This is a bizarre argument. The Jardin des Plantes does not intend to leave the bear pits empty. It plans to fill them with small red pandas and binturongs, or cat-bears. Why is it ethically acceptable to look down on a small bear, but not a big one?

Animal-rights activists are convinced that the real reason that the Persian bears were moved was because the pits, with their low metal railings, no longer satisfied regulations to protect the safety of humans. The management of the Jardin des Plantes says that there are no plans to close down the rest of the menagerie, or to convert it into a petting farm as animal-rights campaigners suggest. "We receive scores of letters every year, including many from British tourists, complaining about the Jardin des Plantes menagerie," said Stéphane Né. "Attitudes to animals are beginning to change in France, but it is certainly a slow process."

Twenty or 30 years ago, Né explained, any talk of animal rights in France (the country that invented human rights) was ridiculed. Now, there are increasingly powerful lobbies against bull-fighting and the force-feeding of geese to produce foie gras. However, there are even more powerful lobbies to defend them.

Garret-dwellers are party poopers

Neighbours, episode 432. Our apartment block joined in, for the first time, with the neighbours' party-day, the French idea that has spread all over Europe this year. Typical conversation: You're new in this building aren't you? No, we've been living here for four years. Oh.

I, to the disgust of my wife, even shook hands with the "Monsieur d'en bas", our loathsome downstairs neighbour, who once complained when we held a children's party on a Saturday afternoon.

Almost everyone from the large, posh flats on the first six floors came to the party in the courtyard. No one came from the warren of cheap bedsits on the seventh and eighth floors, an ever-changing United Nations of students and immigrants. They were invited, but evidently felt unable to penetrate the invisible social barrier that separates flats from the former chambres de bonnes (maids' rooms) that are to be found under the eaves of apartment blocks across the city. An example of Upstairs Downstairs, French-style.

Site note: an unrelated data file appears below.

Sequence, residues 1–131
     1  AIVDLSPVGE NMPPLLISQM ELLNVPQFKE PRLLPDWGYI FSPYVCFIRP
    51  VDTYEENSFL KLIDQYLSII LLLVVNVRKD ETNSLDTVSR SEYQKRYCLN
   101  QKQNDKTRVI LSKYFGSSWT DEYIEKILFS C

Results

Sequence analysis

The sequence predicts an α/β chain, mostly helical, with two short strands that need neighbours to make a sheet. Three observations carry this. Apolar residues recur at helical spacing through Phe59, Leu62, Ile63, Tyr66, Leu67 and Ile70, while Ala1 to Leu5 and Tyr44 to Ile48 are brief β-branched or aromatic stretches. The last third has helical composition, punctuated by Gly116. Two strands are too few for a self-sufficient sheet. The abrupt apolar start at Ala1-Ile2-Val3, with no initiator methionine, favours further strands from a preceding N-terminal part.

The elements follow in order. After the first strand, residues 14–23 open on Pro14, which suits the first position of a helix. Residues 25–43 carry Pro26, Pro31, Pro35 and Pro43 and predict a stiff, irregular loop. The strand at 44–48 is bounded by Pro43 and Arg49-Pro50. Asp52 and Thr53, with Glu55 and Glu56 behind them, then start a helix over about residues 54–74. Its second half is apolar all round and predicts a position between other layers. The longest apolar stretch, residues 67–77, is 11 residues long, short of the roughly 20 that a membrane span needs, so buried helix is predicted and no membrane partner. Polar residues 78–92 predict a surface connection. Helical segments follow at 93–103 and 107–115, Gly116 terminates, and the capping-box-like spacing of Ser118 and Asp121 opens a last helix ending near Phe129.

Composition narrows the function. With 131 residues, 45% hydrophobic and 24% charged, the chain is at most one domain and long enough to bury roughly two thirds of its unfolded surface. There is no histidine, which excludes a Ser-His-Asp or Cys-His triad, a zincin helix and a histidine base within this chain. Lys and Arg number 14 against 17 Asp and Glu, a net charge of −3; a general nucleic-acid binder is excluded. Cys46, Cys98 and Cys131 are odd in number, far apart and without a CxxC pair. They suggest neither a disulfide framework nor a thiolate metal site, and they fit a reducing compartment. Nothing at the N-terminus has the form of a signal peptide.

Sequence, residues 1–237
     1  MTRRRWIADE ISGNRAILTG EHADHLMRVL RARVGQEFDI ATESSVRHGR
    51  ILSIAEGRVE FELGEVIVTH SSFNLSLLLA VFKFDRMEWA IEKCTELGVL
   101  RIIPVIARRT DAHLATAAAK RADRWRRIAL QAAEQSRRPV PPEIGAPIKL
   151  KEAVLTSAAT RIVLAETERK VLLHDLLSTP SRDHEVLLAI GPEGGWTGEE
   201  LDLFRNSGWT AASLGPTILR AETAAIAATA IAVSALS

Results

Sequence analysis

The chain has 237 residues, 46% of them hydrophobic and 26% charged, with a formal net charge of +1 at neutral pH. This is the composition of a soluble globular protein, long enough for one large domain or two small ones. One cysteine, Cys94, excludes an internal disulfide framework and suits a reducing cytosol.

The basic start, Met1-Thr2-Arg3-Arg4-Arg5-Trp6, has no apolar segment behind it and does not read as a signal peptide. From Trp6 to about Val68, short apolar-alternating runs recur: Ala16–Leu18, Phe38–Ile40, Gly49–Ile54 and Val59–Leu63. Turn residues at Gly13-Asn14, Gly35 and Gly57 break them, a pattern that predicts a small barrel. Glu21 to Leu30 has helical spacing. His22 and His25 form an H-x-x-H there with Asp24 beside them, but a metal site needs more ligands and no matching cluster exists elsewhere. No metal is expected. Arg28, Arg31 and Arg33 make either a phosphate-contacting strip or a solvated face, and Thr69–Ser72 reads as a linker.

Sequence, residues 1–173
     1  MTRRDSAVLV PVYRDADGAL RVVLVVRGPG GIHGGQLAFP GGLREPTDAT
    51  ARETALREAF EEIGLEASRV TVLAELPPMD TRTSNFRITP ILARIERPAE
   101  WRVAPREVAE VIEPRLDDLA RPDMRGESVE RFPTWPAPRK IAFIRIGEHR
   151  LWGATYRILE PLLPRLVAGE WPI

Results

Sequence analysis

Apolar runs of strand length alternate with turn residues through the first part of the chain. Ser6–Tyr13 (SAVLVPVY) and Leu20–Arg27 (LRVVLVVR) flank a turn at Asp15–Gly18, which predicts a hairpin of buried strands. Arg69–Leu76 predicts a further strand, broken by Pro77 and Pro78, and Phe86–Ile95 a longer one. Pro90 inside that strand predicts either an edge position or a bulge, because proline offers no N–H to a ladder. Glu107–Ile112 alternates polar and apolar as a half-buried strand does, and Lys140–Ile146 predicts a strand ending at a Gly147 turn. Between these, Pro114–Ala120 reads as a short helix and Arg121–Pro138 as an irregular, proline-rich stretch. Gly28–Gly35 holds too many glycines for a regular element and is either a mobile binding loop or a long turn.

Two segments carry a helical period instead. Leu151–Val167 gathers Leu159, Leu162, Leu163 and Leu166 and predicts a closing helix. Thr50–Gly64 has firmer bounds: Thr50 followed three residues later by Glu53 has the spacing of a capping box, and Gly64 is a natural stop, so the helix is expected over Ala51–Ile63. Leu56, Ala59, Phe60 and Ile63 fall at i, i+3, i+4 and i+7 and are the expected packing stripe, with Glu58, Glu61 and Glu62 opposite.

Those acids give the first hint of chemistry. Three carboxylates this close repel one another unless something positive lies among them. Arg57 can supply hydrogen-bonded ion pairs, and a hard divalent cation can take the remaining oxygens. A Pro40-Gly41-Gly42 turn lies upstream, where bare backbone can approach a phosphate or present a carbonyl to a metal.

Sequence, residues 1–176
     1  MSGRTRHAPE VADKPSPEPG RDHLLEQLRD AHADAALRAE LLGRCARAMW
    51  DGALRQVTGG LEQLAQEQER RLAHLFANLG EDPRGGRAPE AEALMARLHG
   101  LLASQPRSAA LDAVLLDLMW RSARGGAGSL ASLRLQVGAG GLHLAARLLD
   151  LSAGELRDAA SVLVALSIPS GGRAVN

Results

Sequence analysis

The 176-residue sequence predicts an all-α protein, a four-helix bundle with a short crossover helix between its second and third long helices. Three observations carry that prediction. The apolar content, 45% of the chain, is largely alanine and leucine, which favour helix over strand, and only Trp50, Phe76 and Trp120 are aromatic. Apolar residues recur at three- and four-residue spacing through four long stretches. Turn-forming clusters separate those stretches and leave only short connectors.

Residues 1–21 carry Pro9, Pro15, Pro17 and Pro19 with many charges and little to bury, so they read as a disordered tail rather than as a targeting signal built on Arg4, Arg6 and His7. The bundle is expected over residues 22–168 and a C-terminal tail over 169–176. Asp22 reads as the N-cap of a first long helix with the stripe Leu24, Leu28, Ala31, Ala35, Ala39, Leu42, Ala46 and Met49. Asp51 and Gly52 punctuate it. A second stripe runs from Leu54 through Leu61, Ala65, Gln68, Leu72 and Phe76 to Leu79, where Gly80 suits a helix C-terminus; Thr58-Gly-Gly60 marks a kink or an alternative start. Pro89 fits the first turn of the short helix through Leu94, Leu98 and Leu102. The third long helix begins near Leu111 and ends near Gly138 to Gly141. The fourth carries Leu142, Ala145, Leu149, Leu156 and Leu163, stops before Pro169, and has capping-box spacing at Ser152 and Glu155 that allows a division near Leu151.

Bedtime stories

Stupefaction in France at a survey conducted by Ikea, the world leader in selling flat-pack furniture and plastic spoons that you don't really need. The French are not the world's greatest nation in bed, and nor even are the Italians. The most sexually active people on earth, in bed, are, apparently, the Malaysians.

A survey by Ikea's bedding section found that 20 per cent of French people said that they had sex in bed every day (compared to a world average of 15 per cent). In Malaysia, 43 per cent of people said that they had sex in bed each day.

Just over half of the French said that they had sex mostly in bed, compared to 72 per cent of the unimaginative Swedes, and only 20 per cent of the Chinese. Which rather begs the question, where on earth do the Chinese...